Re: Lexus ES330 vs Camry XLE

The major differences between a Lexus and a Camry are as follows:
- Variations of engine design (VVTi vs. non VVTi) - Transmission type (4 speed auto vs. 5 speed auto)
- increased creature comforts - Fit and finish is improved
Having said that, I know of a few people who opted for a fully loaded Camry instead of the Lexus and put the savings into a higher level of maintenance (i.e. Mobil 1 oil changes, more rigorious maintenance practices, etc.) Mind you these people have other Lexus models as well (i.e. SC400, LS 400, SC430, LS 430).
Also keep in mind that maintenance on Lexus vehicles are considerably more expensive at the dealer then a Toyota vehicle. At my local dealership in Toronto, Canada, a oil change is $29.95 for my 2002 Camry LE V6. The Lexus dealer charges $59.95 for the same service. I get better donuts and other frills, but for $30 savings, I can get a hell of a lot of donuts.
Other services and maintenance items are more expensive. So if you are willing to get a better built car and pay for the upkeep, then the Lexus is the better. If you want to save the $$ and get a fully loaded Camry and do the same level of maintenance, then that is also good. How will the cars be in 10 years.... I would say about the same.

are
them.
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I don't think this is correct. The Camry V6's are VVTi and 5-speed autos. I don't think there is any significant difference in the running gear - it's all styling, interior and trim.
- Mark
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Having driven both, I would opine that the ES330 is quieter and smoother than the Camry.
Both are excellent and reliable cars. I would say that if price and regular maintance cost is the primary factor, go for the Camry. If comfort and quiet is important, give the nod to the ES330.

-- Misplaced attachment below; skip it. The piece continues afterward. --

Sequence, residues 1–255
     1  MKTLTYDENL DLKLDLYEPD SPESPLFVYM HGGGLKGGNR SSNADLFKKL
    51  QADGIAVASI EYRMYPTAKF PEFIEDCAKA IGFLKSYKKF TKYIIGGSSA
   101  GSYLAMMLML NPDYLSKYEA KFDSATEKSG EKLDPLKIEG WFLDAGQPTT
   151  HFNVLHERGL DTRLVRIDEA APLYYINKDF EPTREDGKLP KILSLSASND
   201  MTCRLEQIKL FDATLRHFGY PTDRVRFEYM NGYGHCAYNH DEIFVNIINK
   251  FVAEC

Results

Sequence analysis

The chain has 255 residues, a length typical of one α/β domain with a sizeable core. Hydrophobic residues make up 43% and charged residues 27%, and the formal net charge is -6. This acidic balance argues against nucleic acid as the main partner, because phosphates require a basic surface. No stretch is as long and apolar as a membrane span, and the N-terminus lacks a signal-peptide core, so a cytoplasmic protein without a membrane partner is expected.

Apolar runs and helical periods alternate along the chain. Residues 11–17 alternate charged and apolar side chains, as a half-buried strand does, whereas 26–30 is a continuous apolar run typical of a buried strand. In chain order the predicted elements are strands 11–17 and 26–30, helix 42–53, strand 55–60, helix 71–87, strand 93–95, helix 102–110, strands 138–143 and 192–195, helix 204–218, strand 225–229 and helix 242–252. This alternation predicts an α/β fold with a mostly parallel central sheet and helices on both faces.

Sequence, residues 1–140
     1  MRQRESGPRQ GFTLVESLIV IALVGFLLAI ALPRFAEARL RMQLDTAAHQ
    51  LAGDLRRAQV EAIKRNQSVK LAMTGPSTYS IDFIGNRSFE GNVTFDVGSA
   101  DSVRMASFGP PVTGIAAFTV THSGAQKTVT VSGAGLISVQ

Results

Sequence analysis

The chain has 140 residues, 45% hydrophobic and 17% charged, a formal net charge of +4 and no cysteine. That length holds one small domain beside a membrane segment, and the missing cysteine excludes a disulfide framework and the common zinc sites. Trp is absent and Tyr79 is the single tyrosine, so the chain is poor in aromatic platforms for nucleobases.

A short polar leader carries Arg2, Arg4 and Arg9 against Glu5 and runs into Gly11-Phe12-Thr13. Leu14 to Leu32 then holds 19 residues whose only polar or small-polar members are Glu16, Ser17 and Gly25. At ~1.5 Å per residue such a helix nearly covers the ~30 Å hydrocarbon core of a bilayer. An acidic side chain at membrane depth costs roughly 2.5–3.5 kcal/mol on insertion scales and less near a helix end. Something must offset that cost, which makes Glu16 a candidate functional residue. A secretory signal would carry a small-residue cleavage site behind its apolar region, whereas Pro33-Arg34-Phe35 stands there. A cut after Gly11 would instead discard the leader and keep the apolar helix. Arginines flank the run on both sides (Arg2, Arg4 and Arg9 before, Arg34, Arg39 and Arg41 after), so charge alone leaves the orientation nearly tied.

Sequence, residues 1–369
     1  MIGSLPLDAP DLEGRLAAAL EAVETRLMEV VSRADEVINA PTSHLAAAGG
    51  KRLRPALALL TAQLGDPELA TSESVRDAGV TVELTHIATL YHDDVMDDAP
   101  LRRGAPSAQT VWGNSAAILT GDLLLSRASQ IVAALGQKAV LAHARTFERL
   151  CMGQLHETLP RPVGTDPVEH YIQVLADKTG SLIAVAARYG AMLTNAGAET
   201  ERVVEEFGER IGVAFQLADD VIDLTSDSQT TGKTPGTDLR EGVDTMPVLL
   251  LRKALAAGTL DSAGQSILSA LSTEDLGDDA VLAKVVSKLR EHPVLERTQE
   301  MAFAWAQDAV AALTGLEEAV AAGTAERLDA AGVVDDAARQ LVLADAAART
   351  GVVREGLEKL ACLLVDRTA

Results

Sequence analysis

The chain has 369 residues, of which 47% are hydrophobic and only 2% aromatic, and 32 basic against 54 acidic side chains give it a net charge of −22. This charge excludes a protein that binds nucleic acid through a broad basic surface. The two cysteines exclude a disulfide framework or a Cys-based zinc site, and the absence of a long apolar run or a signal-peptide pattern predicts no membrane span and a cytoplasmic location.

You really can't go wrong with either car.
I currently drive an '03 LS430.
Helmar Herman
wrote:

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Car Guy wrote:

The Lexus $60 oil-change included an engine-flush when I had it done. Not sure if that is standard practice at all Lexus dealerships. (The Toyota $30 oil-change doesn't include an engine-flush)
And the Lexus Sevice Consultants wear ties, while the Toyota Service Consultants wear Toyota T-Shirts. Some people prefer dealing with people who wear ties. I prefer someone who can explain why the hell my ES300 brakes squeal so bad when the rotors/brakes get hot, and the guys with the ties didn't quite make the grade. My ES300 is still under factory warranty.
The Lexus lounge is much nicer, but the free muffins are sub-standard. The old geysers in the Lexus lounge are always trying to make a pass at young woman who works behind the beverage bar in the lounge, but they don't if their wife is in the lounge with them.
I enjoy people-watching in the Lexus lounge. I don't get a chance to do that in the Toyota dealership since my 1988 Camry hardly needs anything except the regular 29-minute oil-change.
But I get a loaner vehicle that is newer than my 2000 ES300 if I have to leave my Lexus at the dealership. I have had a loaner 2002 ES300 for 5 days, and a 2003 RX330 for 1 day. Very nice cars (especially the latter), but I personally wouldn't spend approx $35K on either car. I even had a Ford Mustang for 1 day. I think the Lexus dealerships loan you a Ford to make you appreciate your Lexus.
But I enjoyed "playing" with the 2002 ES 300 transmission. Very easy to demonstrate, but do not try this if there is anyone else near you: Accelerate gently to about 30mph, then push the accelerator hard and watch the RPM go up to about 5K, but no accelaration whatsoever for a couple of seconds. So you now know what not to do in emergency situations with the 2002 model.
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don't if

you:
the
model.
Oh, by the way genius, it's geezer, not geyser! A geyser is a hot spring that intermittently sends up fountainlike jets of water and steam into the air. Sorta' like yuppies that like to try and destroy someone else's new transmission in a loaner car. But then again, spell checker will let that one go through, but you have to have a basic knowledge of English grammar to know the difference between the two words, right? <LOL>
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noyap wrote:

Maybe you can explain why my 2000 ES300 doesn't exhibit the same behavior under similar conditions. And my 1988 V6 Camry doesn't either.
If running that test to get an idea of the strange performance characteristics of the 2002 ES300 will ruin its transmission, I urge everyone here to buy an Acura instead. Better to figure out how it works in real life than to find out that it doesn't in an emergency situation, IMHO.

Grammar? Or diction?
This AOL newsgroup tool doesn't have a spell checker, FYI.
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to